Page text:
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Hobart

Hobart Mason­Dixon Lines p o e t ry b y Dav i s M c c o M b s "Field of Burley tobacco on farm of Russell Spears, drying and curing barn in the background, vicinity of Lexington, Ky.," Marion Post Wolcott, September 1940, FSA/OWI Color Photographs, Library of Congress. He clucked his tongue, slapped the bull's rump, and turned a herd of Angus, single file, through the narrow gap in the fence to the barn lot. He lingered by the tailgate of his pickup, smoked while the sky reeled icy cirrus over the fescue, and foretold the sheets of rain that, by midweek, draped the blue hills and approached, the hay bales safe in the loft. He played the barn vents at curing time like the stops of an instrument, and went on, cupping his hands around the life he'd inherited as if it were a flame. The cedars smoked their pollen into the blue air; a drought month lit the shucks of fall, and he searched the sky's empty bowl but never saw the storm that, far beyond him, was purpling like a bruise and taking everything he took for granted. From "Tobacco Mosaic," originally published in Dismal Rock (Tupelo Press, 2007), winner of the Dorset Prize. Reprinted by permission. http://www.deepdyve.com/assets/images/DeepDyve-Logo-lg.png Southern Cultures University of North Carolina Press

Hobart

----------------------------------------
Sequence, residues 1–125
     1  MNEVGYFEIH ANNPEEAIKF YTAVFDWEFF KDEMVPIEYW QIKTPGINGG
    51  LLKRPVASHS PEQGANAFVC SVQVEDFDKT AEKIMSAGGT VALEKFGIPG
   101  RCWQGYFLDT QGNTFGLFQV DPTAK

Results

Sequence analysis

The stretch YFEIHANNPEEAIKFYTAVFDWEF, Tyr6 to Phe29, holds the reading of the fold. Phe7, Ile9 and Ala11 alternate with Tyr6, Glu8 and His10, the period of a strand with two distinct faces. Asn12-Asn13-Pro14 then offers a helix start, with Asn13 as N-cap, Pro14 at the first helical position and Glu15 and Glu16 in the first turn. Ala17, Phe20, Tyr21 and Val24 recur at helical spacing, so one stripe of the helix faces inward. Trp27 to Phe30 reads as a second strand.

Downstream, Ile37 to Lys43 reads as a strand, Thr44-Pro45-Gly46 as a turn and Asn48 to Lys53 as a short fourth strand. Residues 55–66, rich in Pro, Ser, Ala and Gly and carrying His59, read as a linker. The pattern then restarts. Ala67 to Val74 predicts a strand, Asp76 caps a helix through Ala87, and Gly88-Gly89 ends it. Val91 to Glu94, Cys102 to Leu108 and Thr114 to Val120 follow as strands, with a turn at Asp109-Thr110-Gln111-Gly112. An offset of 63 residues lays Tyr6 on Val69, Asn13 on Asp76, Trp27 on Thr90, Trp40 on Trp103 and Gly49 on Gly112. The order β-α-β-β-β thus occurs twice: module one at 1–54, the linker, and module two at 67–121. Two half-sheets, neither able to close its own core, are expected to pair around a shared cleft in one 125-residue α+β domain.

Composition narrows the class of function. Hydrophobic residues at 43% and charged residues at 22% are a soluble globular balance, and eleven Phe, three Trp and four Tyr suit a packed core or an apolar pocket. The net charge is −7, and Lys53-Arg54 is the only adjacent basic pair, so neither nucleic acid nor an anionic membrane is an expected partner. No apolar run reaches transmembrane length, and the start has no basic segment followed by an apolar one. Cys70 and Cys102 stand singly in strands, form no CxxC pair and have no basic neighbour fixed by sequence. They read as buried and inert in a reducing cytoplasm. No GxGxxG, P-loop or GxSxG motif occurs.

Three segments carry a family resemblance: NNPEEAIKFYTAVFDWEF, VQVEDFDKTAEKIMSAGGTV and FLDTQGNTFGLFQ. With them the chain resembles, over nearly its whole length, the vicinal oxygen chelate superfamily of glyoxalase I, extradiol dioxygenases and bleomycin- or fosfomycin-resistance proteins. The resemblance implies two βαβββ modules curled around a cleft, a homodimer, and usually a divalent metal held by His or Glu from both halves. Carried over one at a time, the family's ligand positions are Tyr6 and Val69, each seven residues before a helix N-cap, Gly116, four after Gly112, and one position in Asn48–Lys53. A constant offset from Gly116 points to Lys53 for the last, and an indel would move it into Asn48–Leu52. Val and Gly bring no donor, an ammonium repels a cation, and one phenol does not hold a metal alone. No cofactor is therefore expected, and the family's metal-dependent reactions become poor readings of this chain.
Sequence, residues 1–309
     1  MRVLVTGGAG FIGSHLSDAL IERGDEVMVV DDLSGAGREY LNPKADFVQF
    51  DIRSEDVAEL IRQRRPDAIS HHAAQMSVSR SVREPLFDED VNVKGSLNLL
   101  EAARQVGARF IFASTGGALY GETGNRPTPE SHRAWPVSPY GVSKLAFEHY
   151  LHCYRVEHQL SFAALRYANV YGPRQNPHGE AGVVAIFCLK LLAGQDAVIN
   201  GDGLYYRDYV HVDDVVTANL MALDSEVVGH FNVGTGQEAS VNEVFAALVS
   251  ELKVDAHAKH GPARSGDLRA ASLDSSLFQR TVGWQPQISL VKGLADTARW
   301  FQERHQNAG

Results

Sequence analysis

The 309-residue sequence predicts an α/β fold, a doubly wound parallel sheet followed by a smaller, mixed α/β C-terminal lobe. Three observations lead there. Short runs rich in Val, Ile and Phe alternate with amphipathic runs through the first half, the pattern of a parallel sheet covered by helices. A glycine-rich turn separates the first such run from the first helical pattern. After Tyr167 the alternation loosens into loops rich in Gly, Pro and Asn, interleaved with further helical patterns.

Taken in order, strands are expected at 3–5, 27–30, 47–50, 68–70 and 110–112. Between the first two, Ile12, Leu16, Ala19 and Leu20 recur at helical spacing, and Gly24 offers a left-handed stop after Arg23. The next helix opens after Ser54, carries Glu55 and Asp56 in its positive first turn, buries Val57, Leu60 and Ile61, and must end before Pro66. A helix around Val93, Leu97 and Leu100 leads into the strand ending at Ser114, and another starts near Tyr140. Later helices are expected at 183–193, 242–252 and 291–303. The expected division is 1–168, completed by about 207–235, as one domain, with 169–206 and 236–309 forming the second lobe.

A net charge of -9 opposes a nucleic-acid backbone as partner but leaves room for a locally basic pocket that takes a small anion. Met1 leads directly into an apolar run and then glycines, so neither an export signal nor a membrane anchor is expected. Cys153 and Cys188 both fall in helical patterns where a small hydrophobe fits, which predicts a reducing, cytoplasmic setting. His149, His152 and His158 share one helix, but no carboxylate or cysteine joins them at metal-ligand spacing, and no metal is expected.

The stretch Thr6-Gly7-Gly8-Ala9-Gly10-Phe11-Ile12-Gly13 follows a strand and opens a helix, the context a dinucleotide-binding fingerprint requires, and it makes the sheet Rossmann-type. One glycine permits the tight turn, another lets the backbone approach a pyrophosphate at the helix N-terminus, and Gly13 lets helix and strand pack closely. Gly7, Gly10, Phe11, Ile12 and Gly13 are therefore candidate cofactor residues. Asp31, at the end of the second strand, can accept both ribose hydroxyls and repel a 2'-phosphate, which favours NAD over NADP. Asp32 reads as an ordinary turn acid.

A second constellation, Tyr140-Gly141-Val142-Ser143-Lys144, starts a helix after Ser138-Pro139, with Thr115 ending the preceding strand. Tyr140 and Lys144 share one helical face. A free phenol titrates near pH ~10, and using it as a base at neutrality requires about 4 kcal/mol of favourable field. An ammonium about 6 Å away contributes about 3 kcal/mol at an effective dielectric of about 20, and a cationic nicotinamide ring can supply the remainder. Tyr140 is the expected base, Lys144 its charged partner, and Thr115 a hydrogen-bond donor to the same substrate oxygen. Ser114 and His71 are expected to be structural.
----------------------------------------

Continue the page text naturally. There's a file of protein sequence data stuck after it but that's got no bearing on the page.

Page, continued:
Southern Cultures , Volume 21 (4) – Jan 31, 2015

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Publisher
University of North Carolina Press
Copyright
Copyright © Center for the Study of the American South.
ISSN
1534-1488
Publisher site
See Article on Publisher Site

Abstract

Mason­Dixon Lines p o e t ry b y Dav i s M c c o M b s "Field of Burley tobacco on farm of Russell Spears, drying and curing barn in the background, vicinity of Lexington, Ky.," Marion Post Wolcott, September 1940, FSA/OWI Color Photographs, Library of Congress. He clucked his tongue, slapped the bull's rump, and turned a herd of Angus, single file, through the narrow gap in the fence to the barn lot. He lingered by the tailgate of his pickup, smoked while the sky reeled icy cirrus over the fescue, and foretold the sheets of rain that, by midweek, draped the blue hills and approached, the hay bales safe in the loft. He played the barn vents at curing time like the stops of an instrument, and went on, cupping his hands around the life he'd inherited as if it were a flame. The cedars smoked their pollen into the blue air; a drought month lit the shucks of fall, and he searched the sky's empty bowl but never saw the storm that, far beyond him, was purpling like a bruise and taking everything he took for granted. From "Tobacco Mosaic," originally published in Dismal Rock (Tupelo Press, 2007), winner of the Dorset Prize. Reprinted by permission.

Journal

Southern CulturesUniversity of North Carolina Press

Published: Jan 31, 2015

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